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Home  /  geekspeak  /  Smart TVs: Are They Smart?

Smart TVs: Are They Smart?

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I’ve been working in the tech industry for long enough to see some real clunker products along the way. From PCs shaped like fish to messaging clients that relied on slow GSM networks, there have been some memorably dud products. One that stands out in memory as a particularly odd product was LG’s Internet Fridge, a $17,000 food cooling device that also included an internet-connected computer in the door.

It didn’t sell well. Technology-improved versions of gadgets haven’t typically set the world on fire, largely because the costs have generally been high — why would you spend seventeen thousand dollars on a low-rent PC tacked onto a fridge when you could spend a couple of thousand on a large fridge and the same on a laptop — and feature sets haven’t exactly enhanced the experience of using the device. I may be a fan of social networking services such as Twitter and Facebook, but that doesn’t mean I need to update my status while I’m grabbing some milk.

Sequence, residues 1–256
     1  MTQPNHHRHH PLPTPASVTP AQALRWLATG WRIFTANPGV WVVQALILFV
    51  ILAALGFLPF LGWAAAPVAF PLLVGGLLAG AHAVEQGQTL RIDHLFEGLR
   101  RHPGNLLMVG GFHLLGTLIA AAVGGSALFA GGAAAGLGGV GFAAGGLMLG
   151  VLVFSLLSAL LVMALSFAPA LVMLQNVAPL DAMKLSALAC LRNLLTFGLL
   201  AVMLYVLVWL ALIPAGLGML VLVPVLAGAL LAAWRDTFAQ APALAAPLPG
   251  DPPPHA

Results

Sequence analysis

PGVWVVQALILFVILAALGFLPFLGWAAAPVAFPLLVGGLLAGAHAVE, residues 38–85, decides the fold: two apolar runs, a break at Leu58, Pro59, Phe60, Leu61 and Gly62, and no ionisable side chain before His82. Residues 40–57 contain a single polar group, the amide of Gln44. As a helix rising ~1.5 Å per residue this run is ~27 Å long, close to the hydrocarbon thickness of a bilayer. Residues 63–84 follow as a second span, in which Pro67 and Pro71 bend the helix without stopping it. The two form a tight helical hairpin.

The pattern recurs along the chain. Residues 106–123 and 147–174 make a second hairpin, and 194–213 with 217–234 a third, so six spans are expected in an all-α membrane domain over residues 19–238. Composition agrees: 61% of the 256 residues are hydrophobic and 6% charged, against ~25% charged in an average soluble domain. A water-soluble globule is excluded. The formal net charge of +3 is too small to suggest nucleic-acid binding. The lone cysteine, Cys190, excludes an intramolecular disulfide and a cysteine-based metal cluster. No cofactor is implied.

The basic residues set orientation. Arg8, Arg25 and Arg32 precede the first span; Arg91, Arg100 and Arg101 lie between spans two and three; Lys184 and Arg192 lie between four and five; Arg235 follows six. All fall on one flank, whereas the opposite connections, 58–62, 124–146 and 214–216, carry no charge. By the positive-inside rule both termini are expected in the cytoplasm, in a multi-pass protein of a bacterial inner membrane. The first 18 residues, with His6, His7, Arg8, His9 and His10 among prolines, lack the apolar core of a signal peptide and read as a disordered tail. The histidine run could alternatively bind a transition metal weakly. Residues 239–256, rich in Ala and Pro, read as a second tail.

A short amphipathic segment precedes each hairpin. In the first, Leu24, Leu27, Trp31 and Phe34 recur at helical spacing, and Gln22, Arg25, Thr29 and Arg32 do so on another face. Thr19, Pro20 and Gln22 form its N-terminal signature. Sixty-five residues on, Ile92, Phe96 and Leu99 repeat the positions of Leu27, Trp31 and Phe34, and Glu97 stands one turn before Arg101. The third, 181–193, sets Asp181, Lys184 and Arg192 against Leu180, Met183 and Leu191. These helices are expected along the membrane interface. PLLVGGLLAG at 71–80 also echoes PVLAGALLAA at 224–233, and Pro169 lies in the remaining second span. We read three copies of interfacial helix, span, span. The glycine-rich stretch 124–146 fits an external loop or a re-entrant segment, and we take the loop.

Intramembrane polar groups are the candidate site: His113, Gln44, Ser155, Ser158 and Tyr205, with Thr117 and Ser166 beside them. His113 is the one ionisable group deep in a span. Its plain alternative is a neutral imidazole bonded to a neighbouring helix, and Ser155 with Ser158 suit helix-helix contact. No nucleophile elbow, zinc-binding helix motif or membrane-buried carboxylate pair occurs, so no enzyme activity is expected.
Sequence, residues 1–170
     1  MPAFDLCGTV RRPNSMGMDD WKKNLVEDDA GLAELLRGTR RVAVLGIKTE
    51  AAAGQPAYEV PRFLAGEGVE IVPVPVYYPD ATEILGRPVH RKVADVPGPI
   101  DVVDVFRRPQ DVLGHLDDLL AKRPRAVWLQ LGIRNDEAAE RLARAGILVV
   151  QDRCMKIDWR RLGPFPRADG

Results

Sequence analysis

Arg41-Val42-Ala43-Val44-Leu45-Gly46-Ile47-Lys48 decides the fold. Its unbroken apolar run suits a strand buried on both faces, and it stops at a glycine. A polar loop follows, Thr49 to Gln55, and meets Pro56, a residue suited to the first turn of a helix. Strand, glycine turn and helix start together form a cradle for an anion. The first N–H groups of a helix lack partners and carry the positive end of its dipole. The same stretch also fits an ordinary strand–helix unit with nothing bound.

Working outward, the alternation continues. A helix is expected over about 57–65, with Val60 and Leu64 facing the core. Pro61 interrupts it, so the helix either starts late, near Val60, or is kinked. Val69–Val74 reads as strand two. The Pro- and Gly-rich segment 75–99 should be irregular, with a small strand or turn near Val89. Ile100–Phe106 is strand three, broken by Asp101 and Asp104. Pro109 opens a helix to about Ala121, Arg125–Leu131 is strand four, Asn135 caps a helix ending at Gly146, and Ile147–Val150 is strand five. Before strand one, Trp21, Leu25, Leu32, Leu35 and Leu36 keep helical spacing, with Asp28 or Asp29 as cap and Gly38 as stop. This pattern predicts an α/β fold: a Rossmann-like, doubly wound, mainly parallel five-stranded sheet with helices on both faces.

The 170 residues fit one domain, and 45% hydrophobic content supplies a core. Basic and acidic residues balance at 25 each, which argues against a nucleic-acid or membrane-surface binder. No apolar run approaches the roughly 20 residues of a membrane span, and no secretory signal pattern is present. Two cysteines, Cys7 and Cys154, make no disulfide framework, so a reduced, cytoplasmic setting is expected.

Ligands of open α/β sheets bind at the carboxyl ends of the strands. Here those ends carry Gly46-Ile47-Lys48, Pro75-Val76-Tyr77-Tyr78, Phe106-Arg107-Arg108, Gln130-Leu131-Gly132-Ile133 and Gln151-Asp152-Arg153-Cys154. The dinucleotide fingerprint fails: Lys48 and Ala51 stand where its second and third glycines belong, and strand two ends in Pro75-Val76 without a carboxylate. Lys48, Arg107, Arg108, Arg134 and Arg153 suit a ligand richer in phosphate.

Oddly enough, LG’s having another crack at the Internet Fridge concept again, with models announced at this year’s CES trade show back in January, but that was a minor concept next to the next big thing to get a tech makeover, that being the concept of “Smart” TVs. Most of the major TV vendors have a Smart TV platform now, offering up social networking, light internet browsing, some games and access to catch-up TV services from the ABC and Channel 7. There’s support for developers to make TV-specific applications, but as yet there’s no central standard for those applications, which means the features and apps available on one manufacturer’s TVs may not be available on the other.

The Smart TV concept probably has more legs than the Internet Connected Fridge, Wireless Toaster or MixMaster-With-Inbuilt Fax (not that those last two actually exist) simply because they’ve largely been priced at the same kinds of price points we’re used to seeing TVs priced at, so you’re not spending too much extra for those features. More critically they’re better because the features they offer make a certain amount of sense. When I’m watching TV and want to check something, the option to quickly bring up a web page makes sense. With the addition of a camera, the opportunity to hook up a video Skype call with the entire family sitting on the couch makes sense. If there’s a brief pause for some advertising, I’d probably rather while the time away with a quick ad-hoc game than being told why I should buy this year’s rustbucket. You get the idea.

It’s early days for the Smart TV concept. What do you think? Will your next TV purchase be a Smart TV, or will the concept go colder than the Internet Fridge?


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